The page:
1952 – Alfred Hershey and Martha Chase confirmed that the genetic material of the bacteriophage, the virus which infects bacteria, is made up of DNA.
1953 – James Watson and Francis Crick discovered the double helical structure of the DNA molecule.
1957 – In an influential presentation, Crick laid out the “Central Dogma”, which foretold the relationship between DNA, RNA, and proteins, and articulated the “sequence hypothesis.”
1958 – Meselson-Stahl experiment proves that DNA replication was semiconservative, a critical confirmation of the replication mechanism that was implied by the double-helical structure.
1961 – Francois Jacob and Jacques Monod hypothesized the existence of an intermediary between DNA and its protein products, which they called messenger RNA.
1961 – The genetic code was deciphered. Crick and Brenner identified the triplet codon pattern, while Marshall Nirenberg and Heinrich J. Matthaei of the NIH cracked the codes for the first 54 out of the 64 codons.

At the beginning of the 1960s, Monod and Jacob also demonstrated how certain specific proteins, called regulative proteins, latch onto DNA at the edges of the genes and control the transcription of these genes into messenger RNA; they direct the “expression” of the genes.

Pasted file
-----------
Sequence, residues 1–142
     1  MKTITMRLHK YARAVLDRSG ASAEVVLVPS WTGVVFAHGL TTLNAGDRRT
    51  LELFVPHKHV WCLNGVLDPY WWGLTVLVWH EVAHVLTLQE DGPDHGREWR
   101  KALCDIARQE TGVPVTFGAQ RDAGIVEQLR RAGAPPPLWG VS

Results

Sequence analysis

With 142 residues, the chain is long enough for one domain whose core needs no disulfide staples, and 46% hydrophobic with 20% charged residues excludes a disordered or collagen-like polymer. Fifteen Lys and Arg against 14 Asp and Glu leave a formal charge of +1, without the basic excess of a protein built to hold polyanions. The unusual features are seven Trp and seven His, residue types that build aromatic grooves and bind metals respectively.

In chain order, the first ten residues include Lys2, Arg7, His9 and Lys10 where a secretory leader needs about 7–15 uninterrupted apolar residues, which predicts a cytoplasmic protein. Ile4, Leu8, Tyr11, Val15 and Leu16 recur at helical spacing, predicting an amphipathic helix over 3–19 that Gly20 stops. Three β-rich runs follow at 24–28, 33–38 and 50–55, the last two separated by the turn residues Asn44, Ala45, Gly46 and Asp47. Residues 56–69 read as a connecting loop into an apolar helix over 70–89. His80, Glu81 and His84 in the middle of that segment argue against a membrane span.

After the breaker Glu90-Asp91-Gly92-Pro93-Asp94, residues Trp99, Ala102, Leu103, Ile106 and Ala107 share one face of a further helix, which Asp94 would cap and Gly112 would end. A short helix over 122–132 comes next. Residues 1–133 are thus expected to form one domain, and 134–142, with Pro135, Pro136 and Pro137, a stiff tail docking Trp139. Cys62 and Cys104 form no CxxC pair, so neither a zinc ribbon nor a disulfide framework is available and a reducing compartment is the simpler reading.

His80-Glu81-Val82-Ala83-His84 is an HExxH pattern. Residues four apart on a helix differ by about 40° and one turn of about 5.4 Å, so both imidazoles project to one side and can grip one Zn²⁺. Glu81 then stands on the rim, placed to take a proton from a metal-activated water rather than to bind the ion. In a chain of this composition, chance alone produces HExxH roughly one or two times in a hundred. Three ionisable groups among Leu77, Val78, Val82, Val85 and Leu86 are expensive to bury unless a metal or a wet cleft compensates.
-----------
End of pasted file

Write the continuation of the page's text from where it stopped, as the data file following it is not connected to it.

This chronology really gets at the basic science underpinning molecular biology as a field of study. At it’s core is the so-called Central Dogma of Molecular Biology, where genetic material is transcribed into RNA and then translated into protein, despite being an oversimplified picture of molecular biology, still provides a good starting point for understanding the field. This picture, however, is undergoing revision in light of emerging novel roles for RNA. But aside from a few footnotes, the Central Dogma has become the basis for a revolution in the biological sciences.

More recently much work has been done at the interface of molecular biology and computer science in bioinformatics and computational biology. As of the early 2000s, the study of gene structure and function, molecular genetics, has been amongst the most prominent sub-field of molecular biology.